The Museum of Applied Arts and Sciences acknowledges Australia’s First Nations Peoples as the Traditional Owners and Custodians of the land and gives respect to the Elders – past and present – and through them to all Aboriginal and Torres Strait Islander peoples.
Aboriginal and Torres Strait Islander peoples are advised that the MAAS website contains a range of Indigenous Cultural Material. This includes artworks, artifacts, images and recordings of people who may have passed away, and other objects which may be culturally sensitive.
2003/62/1 Sanitary tampons, opened packet, 'Meds', manufactured fibre / paper / cellophane, made by Johnson & Johnson Pty Ltd, Sydney, New South Wales, Australia, c. 1970. Click to enlarge.

Packet of ‘Meds’ tampons

Made by Johnson & Johnson Pty Ltd in New South Wales, Australia, c.1970.
Menstruation is an important and inevitable part of women's lives from menarche to menopause. Since the 19th century commercial manufacturers have tapped into the lucrative market for the paraphernalia of menstruation. Napkins, both disposable and washable, and belts to support them were amongst the first products commercially produced. Tampons for internal use followed some time later. The American company Johnson & Johnson first manufactured Meds in the 1930s and by 1941 they were available in Australia. Tampons were slow to catch on and were frowned on in many circles, especially for unmarried girls. However, by the 1960s women whose mothers might have forbidden the use of tampons when they were younger, had accepted tampons for all the reasons that manufacturers advertised, including their invisibility, their disposability (just flush down the toilet), and the greater freedom they offered for participation in active sports, especially swimming. This packet of Meds dates from 1970 at the latest and was amongst the personal effects of a woman born around 1920.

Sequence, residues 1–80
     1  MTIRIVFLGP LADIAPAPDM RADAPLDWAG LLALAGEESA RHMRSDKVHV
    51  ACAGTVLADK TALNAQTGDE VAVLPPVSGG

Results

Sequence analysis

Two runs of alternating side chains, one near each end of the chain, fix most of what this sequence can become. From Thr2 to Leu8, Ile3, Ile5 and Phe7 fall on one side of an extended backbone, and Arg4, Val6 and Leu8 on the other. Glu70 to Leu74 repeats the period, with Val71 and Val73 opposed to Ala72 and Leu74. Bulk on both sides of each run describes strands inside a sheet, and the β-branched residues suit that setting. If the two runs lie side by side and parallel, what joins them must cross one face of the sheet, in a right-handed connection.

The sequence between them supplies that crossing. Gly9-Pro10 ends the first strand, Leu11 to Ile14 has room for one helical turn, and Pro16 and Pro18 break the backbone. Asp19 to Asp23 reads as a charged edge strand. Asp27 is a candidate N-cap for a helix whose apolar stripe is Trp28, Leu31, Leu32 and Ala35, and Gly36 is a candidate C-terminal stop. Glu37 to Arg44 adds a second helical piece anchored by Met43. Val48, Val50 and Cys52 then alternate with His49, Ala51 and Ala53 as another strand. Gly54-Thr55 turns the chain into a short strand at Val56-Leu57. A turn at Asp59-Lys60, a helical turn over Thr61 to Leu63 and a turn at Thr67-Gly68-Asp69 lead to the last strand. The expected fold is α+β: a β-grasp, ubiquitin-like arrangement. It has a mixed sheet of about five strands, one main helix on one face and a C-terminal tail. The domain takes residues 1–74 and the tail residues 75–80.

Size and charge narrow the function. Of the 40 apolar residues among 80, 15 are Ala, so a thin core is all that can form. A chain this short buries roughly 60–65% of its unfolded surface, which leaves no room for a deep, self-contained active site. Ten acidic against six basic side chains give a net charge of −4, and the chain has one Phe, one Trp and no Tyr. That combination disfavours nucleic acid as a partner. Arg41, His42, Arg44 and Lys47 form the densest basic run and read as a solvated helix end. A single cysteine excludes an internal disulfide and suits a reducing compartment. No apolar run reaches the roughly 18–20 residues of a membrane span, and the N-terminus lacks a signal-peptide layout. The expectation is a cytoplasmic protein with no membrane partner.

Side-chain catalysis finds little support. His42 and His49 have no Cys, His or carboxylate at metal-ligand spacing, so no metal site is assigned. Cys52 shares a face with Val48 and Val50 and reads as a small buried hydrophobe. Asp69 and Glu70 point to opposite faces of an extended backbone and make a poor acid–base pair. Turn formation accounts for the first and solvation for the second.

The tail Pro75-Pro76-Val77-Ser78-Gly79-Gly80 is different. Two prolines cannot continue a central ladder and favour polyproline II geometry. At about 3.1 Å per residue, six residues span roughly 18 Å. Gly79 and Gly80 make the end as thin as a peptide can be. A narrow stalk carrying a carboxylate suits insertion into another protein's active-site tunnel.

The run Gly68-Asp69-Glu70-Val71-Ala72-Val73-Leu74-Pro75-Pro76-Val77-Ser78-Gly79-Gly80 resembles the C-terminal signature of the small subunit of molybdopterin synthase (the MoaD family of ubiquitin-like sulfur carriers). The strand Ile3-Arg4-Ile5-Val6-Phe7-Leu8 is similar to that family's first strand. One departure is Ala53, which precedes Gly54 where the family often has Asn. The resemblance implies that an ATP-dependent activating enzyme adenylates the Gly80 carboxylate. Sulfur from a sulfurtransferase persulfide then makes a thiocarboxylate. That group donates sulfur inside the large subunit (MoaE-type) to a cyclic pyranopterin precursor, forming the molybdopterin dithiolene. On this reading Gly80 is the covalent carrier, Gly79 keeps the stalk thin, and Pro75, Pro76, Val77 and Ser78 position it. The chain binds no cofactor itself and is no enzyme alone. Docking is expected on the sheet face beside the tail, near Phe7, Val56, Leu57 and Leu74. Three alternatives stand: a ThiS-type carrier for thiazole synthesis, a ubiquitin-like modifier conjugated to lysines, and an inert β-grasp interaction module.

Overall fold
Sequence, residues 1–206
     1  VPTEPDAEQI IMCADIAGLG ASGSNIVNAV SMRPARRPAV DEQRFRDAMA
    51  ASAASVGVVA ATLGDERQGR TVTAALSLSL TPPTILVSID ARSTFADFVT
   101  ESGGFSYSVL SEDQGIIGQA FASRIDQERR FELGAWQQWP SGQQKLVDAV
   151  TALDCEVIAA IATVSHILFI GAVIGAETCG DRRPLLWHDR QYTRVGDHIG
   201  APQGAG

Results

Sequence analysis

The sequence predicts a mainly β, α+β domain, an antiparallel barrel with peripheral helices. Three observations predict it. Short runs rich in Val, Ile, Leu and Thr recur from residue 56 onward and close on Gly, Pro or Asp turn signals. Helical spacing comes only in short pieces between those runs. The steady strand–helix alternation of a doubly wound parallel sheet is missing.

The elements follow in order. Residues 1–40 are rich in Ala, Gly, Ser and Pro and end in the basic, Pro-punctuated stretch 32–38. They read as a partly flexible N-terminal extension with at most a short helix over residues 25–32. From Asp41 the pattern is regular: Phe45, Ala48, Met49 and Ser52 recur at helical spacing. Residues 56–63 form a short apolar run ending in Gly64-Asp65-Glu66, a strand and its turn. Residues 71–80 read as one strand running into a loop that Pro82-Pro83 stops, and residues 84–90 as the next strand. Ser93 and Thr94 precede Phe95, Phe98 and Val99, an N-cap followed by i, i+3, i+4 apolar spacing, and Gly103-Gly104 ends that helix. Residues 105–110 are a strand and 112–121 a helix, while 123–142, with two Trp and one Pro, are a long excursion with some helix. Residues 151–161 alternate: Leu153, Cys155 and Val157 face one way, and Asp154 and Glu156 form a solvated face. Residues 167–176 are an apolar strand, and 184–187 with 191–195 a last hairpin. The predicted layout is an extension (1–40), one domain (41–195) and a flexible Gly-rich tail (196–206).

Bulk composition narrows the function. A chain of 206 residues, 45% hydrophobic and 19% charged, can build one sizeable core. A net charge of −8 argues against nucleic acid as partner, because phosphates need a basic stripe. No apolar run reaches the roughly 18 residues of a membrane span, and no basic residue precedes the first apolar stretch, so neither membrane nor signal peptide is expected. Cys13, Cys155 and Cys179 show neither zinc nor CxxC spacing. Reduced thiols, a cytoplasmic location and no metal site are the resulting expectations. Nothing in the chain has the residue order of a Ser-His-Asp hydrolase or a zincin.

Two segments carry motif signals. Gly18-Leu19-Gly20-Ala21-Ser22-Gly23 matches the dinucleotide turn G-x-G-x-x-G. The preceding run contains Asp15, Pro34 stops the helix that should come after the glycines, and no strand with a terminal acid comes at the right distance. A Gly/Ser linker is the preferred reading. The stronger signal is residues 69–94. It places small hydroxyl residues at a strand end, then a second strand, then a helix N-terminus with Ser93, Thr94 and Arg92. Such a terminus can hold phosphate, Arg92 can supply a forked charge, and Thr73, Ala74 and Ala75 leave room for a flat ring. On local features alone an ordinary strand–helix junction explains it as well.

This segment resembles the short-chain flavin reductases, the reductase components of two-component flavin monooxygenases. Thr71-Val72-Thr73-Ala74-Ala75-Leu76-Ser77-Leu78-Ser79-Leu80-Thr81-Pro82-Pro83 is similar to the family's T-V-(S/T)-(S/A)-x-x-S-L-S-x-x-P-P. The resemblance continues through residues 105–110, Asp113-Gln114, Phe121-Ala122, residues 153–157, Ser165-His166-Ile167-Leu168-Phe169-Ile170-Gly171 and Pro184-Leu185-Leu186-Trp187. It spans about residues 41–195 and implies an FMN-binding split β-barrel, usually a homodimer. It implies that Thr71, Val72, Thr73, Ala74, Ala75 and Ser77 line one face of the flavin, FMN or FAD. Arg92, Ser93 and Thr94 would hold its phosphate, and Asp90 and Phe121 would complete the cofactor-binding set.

Brookes, Barbara, and Tennant, Margaret, Making girls modern: Pakeha women and menstruation in New Zealand, 1930-70, Women's History Review, 7(4), 1998, pp.565-581.

Brookes, Barbara, and Tennant, Margaret, Periods in history, Women's Studies Journal, 10(2), September 1994, pp. 103-114.

Megan Hicks
Curator 2002


Object No.


Object Statement

Sanitary tampons, opened packet, 'Meds', manufactured fibre / paper / cellophane, made by Johnson & Johnson Pty Ltd, Sydney, New South Wales, Australia, c. 1970

Physical Description

The cardboard box in which the 'Meds' are packed is mainly pink, with white and blue text which reads in part: 'Meds by Modess / 10 Super Absorbent Tampons / Meds tampons / Johnson & Johnson Pty Ltd / Sydney'. The box originally contained ten tampons, but five now remain, each individually wrapped in cellophane. There is also a small paper instruction leaflet. 'Meds' are absorbent, disposable tampons worn internally as a sponge for discharge during menstruation.


Number on interior of box, stamped in brown '6' or '9'



53 mm


33 mm



The tampons were made by Johnson & Johnson Pty Ltd, Sydney, New South Wales, Australia.



The packet of Meds were amongst the effects of East Lindfield (Sydney) woman who was born around 1920 and died in 2000. They were donated to the Powerhouse Museum by the woman's daughter-in-law, who remembers a conversation with her mother-in-law about this particular packet of Meds that took place in around 1971.


Credit Line

Gift of Mrs Anne Hicks, 2003

Acquisition Date

22 April 2003

Cite this Object


Packet of 'Meds' tampons 2020, Museum of Applied Arts & Sciences, accessed 28 May 2020, <>


{{cite web |url= |title=Packet of 'Meds' tampons |author=Museum of Applied Arts & Sciences |access-date=28 May 2020 |publisher=Museum of Applied Arts & Sciences, Australia}}

Know more about this object?


Have a question about this object?